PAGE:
The word Holi has its origin from “Holika” the demonic sister of King Hiranyakashipu. The king through years of ardent devotion had earned a boon that made him immeasurably strong. This invincibility enhanced his arrogance and started demanding everyone to address him as God. But, his son Prahlad, continued with his unabated devotion to Lord Vishnu. This irritated the king to such an extent that he subjected his son to cruel punishments, but none had any effect on Prahlad since Lord Vishnu protected him each time. Finally, Holika decided to help her brother out. She tricked him into entering a huge burning pyre with her, first ensuring she was clad in a fire-proof shawl. As the story goes, she burned herself to death in the fire and Prahlad escaped unhurt. Lord Vishnu appears and kills King Hiranyakashipu. Thus Holi commemorates the victory of good over evil and the day after Holika was burned in the bonfire began to be celebrated as Holi.
There is a slightly different version of history associated with Holi. It is said that Lord Krishna, owing to his bluish skin complexion was skeptical about whether the beautiful Radha and her gopikas will find him attractive. His mother, Rukmini, fed up of this incessant insecurity finally convinces him to approach her and cover her in any colour he likes. Lord Krishna does exactly that and since that day, Holi is commemorated as the festival of love!
Followers of Lord Krishna in Mathura, the birthplace of Lord Krishna, play ‘Lath-mar Holi’ where women and men dress up in their traditional attires and play with long bamboo sticks and shields for a fun-filled Holi.
The name Holi comes from “Holika”, the sister of demon King “Hiranyakashyap”.
The festival of Holi is celebrated for at least 16 days in the Brag region of India where Krishna was born.
Legend has that the evil king – Hiranyakashyap – forbade his son Prahlad from worshiping one of the Hindu gods – Lord Vishnu. However, Prahlad worshiped Vishnu despite his father’s denial.
Other legend behind the origin of Holi is that Lord Krishna as a baby was poisoned by the breast milk of Putana and thus he developed the characteristic blue color of his skin. Krishna was not sure if fair skinned Radha and other girls would like him. Thus he approached Radha and colored her face in some colors. Radha accepted Krishna despite the blue color of his skin and since that day the festival of Holi is celebrated.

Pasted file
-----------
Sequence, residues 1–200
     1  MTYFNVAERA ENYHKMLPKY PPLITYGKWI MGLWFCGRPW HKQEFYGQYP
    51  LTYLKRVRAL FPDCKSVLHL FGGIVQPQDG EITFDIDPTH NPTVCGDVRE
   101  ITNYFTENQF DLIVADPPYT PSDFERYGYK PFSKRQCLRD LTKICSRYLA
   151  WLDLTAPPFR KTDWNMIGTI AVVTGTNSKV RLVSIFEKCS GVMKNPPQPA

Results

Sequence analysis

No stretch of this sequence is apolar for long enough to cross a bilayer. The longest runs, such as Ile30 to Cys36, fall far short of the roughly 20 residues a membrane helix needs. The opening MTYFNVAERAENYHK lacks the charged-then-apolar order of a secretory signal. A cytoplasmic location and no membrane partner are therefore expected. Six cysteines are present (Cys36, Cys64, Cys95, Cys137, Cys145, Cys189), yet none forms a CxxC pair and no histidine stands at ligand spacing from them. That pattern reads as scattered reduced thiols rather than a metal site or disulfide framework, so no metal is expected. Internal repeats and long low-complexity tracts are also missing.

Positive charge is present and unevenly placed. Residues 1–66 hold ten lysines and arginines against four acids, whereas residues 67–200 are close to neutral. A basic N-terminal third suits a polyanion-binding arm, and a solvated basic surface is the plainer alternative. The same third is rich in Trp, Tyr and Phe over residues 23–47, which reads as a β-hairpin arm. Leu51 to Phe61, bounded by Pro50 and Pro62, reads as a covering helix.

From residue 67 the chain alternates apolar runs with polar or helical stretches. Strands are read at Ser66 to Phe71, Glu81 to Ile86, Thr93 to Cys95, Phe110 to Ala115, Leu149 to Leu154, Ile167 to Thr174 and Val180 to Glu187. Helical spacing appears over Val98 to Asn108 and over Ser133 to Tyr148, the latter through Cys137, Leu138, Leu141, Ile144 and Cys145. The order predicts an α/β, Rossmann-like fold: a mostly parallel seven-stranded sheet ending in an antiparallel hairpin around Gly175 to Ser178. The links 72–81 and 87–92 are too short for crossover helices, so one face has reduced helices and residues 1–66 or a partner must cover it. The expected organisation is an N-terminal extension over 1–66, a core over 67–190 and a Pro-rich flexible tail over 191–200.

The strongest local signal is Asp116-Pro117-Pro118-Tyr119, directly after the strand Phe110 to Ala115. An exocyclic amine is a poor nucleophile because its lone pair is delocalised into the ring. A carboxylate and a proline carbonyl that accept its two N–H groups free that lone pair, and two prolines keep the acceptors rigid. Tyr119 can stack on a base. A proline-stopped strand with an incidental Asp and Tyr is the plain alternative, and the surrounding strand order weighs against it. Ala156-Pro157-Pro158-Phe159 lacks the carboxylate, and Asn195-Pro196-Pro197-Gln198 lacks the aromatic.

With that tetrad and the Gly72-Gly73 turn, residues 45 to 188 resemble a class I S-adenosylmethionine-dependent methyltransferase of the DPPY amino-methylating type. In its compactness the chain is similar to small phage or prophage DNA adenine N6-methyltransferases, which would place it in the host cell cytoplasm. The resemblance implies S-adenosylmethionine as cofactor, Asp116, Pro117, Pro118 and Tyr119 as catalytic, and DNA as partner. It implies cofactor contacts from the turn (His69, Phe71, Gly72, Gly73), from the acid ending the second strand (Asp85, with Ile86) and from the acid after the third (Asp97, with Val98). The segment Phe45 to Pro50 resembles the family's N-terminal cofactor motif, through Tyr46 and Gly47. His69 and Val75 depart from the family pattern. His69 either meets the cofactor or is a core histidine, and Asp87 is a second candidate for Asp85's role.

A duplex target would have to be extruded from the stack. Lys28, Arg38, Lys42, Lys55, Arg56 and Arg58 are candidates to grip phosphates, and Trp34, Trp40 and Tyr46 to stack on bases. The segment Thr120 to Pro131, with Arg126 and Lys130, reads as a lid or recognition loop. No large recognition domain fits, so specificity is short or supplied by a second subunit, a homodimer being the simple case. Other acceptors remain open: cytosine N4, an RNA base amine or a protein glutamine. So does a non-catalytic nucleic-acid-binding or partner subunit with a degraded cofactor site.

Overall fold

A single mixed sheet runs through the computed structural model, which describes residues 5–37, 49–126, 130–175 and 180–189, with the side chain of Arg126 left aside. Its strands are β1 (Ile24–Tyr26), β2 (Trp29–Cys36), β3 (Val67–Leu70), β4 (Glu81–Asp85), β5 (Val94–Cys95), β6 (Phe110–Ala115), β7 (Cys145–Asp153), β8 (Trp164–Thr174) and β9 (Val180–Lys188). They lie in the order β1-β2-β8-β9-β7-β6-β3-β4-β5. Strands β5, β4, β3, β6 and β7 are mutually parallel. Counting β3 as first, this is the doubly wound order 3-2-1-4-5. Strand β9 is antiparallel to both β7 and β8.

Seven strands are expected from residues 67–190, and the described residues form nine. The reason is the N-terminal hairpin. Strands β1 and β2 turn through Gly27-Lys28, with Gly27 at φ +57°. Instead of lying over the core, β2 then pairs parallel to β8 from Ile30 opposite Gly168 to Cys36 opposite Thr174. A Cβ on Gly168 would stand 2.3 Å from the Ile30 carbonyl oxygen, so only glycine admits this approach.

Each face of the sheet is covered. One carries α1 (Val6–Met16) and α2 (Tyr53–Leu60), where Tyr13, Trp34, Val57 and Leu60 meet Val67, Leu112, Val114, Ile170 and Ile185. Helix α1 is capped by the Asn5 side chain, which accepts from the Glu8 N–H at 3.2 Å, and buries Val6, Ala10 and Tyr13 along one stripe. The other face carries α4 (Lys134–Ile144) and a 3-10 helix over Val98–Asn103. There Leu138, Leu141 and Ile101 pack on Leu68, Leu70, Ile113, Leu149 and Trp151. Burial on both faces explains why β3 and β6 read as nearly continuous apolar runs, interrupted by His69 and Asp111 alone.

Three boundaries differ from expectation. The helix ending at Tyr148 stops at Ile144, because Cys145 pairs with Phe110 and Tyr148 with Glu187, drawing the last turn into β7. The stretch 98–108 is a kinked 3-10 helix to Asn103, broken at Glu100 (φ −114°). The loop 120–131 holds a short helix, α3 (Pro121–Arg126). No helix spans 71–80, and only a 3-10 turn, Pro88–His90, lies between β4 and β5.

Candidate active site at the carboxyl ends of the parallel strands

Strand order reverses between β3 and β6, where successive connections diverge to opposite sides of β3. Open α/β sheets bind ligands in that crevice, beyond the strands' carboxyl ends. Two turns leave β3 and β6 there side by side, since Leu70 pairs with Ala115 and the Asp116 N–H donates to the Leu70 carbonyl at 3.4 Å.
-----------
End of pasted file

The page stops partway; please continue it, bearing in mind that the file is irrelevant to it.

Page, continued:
Holi marks the passing of winter and beginning of spring. It is celebrated after the full moon in the month of ‘Phalguna’ which generally falls between February and March. The exact date of the festival is determined by the Hindu Calendar and its arrival varies on the Gregorian calendar.
Holi is basically famous all around the world for its water balloons, water guns and dry-powdered Gulaal fights, and the most important dancing and other playful activities after drinking Bhang Thandai.
Natural colors are derived from indigo, sunflower and marigold flowers.
It is celebrated after the full moon in the month of ‘Phalguna’ which generally falls between February and March.
India has long been plagued by superstitions and untouchability. Holi was the first festival which started preaching the message of equality and brotherhood in the society.
The Spanish festival ‘La Tomatina’ is very similar to our Indian Holi festival, the only difference being that the colors are replaced by the ripe tomatoes.
Check your Holi knowlegde with these interesting questions!
|Q.1||The festival of Holi marks the end of winter and the beginning of _________.|
Did you get the correct answer??
|Q.2||Holika was ________.|
|a)||King Hiranyakashipu's daughter|
|b)||King Daksha's daughter|
|c)||King Hiranyakashipu's sister|
|d)||King Daksha's sister|
This was not that difficult, right?
|Q.3||Holi is called Phaguwa in which language?|
Are you sure you can handle next questions?
|Q.4||According to a Holi legend from Eastern India, Lord Shiva reduced this mischievous god to ashes.|
Did you know that?
|Q.5||In which part of India is the Lath-mar or the stick-beating Holi played?|
|b)||Mathura and Vrindavan|
That was an awesome question! Wasn't it?
|Q.6||Scenes of Holi centred around Radha and Krishna have been a favourite theme of Mughal miniature paintings. Under which emperor did this style of painting start?|
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|Q.7||The following image is from Holi Celebration from a city in Rajasthan. Name the city.|
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